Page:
Week of Substitute Teaching Highlights

In which Carrie goes where no person has gone before to sing a David Bowie song …..

I am not an evil teacher just because I confiscated a note beheld by a seventh grade boy which read : I still love you.  I recall him bent over the tattered notebook paper like it was the map to the Holy Grail.  He didn’t ask for it back, perhaps out of fear of humiliation for something so important as his love and the protection of his beloved.

I didn’t do anything to draw attention to it, but secretly rejoiced at this early initiation to love of another which befalls all of us at some early age.  Mine happened in kindergarten. His name was Timmy.  There was a classroom culture there at Deer Creek Elementary in Nevada City, California where teachers encouraged us young citizens to work to understand each other by way of student-to-student conference.  We sat outside the room, Indian style. I scolded Timmy with a sheepish mien, “You have to like everybody … not just some people.”

 I was trying to tell him to treat all friends equally, but what I probably meant was: love me.

Thirty years later I have had and lost plenty of love, but when I walk through the halls of schools I forget to realize that not only do these people care about other people—orbiting them or being orbited around—but there is a vast perplexity among all people regarding what makes up relationships.  “Only connect” says E.M. Forster, as though it is possible to do otherwise, if even in our own minds only.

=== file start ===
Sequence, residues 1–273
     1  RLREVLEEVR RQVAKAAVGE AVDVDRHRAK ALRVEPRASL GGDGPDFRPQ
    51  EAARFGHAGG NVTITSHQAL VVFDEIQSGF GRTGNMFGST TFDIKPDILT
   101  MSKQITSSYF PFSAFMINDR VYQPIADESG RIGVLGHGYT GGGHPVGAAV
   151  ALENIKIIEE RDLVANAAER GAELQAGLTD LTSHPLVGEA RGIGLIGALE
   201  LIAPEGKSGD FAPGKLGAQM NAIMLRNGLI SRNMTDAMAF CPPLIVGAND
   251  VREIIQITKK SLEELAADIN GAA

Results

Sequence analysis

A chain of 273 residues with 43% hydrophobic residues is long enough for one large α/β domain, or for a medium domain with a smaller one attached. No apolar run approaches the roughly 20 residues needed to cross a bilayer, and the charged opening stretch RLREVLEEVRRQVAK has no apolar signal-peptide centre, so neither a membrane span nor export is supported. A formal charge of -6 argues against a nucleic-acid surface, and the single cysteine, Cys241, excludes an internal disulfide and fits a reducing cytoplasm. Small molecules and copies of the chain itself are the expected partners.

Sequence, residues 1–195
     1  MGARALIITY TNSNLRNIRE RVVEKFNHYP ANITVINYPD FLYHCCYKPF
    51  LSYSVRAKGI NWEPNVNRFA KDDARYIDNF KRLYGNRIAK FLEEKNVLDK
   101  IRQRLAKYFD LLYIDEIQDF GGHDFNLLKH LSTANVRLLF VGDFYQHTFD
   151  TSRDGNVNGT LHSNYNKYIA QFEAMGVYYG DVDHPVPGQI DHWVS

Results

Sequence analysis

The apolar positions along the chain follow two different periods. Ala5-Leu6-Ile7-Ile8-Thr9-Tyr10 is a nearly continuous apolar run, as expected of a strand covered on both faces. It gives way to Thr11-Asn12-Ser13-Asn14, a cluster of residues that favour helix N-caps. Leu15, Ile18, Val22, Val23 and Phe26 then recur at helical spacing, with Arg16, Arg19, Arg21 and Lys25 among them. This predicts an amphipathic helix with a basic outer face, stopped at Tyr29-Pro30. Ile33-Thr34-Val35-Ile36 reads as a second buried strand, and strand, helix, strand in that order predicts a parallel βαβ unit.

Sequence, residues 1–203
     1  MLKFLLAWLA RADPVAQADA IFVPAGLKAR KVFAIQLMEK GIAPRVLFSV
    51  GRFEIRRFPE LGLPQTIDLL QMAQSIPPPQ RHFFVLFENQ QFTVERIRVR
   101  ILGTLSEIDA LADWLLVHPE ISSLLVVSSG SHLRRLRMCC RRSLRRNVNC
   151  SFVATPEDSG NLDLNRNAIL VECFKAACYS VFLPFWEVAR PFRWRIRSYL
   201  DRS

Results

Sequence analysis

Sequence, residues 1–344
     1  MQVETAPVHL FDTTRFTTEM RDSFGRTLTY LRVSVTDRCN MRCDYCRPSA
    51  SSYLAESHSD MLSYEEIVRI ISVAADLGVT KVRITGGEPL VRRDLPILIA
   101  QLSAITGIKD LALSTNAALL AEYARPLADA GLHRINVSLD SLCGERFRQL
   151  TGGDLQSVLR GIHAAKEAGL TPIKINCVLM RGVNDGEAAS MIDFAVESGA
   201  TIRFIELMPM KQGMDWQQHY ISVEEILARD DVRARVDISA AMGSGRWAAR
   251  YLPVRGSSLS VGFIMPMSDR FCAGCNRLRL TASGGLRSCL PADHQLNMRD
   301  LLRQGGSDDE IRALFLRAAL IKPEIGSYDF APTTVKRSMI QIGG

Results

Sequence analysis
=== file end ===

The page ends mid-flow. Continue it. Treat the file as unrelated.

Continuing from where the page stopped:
It is difficult to point to the best part of my week.  The first two days I taught Humanities to sixth graders, and the last three days, moon phases for eighth and resource awareness to seventh.  Avoiding hyperbole, I’d roughly estimate I made 30 micro-connections per day and four or five substantial ones.   What follows are a few things I wish to remember, and remember, and remember.  To fuel the love in times of frail forgetfulness.
  • There was the struggling student with a sleepy fawnlike posture and temperament, who latched on to the concepts of Fattitude and Longitude in a way guaranteed to be remembered for the rest of her life.
  • The dramatic reading of The Lorax, which no one guessed of thirteen Dr. Seuss books as the one banned by California and Oregon censors.  The discussions leading to it—student contributions to justify why some of the others might be seen as dangerous for reasons of racism, bullying, or just saying mean words—and after—the surprise and shock that such a enlightened message found in The Lorax would earn a cut from school boards everywhere for its anti-conservation implications—were instances of naive philosophizing.  Puzzling, questions, insights, were demonstrated collectively by this next generation of stewards of the new environmentalism status quo.  These students saw the Once-ler change his greedy little mind, but they saw, also, the damage had been done.  I believe they might have felt the thrill of superiority, from getting it in the end.
  • The murder of girls standing by the door a minute before class ended—insecure with their own inner demons—commenting on the strangeness of my eye.
It’s weird when she looks at you.
 “Yeah, it’s kinda spooky.
They were referring to the milky cataract in my left pupil, so I look at one girl and asked, “Were you wondering about my eye?
What.  Me?
Yes, you were talking about my eye.  It is blind.
How did it go blind?”  I had her curiosity there, the other girls had their backs to me and she was on the spot.
Thirty seconds until the bell rang, “It is a sensitive subject and I would rather not talk about it,” I answered,  seriousness as radiant and proud as our moon.
Oh.”  She was very receptive to me the next day, asking for my help with an assignment.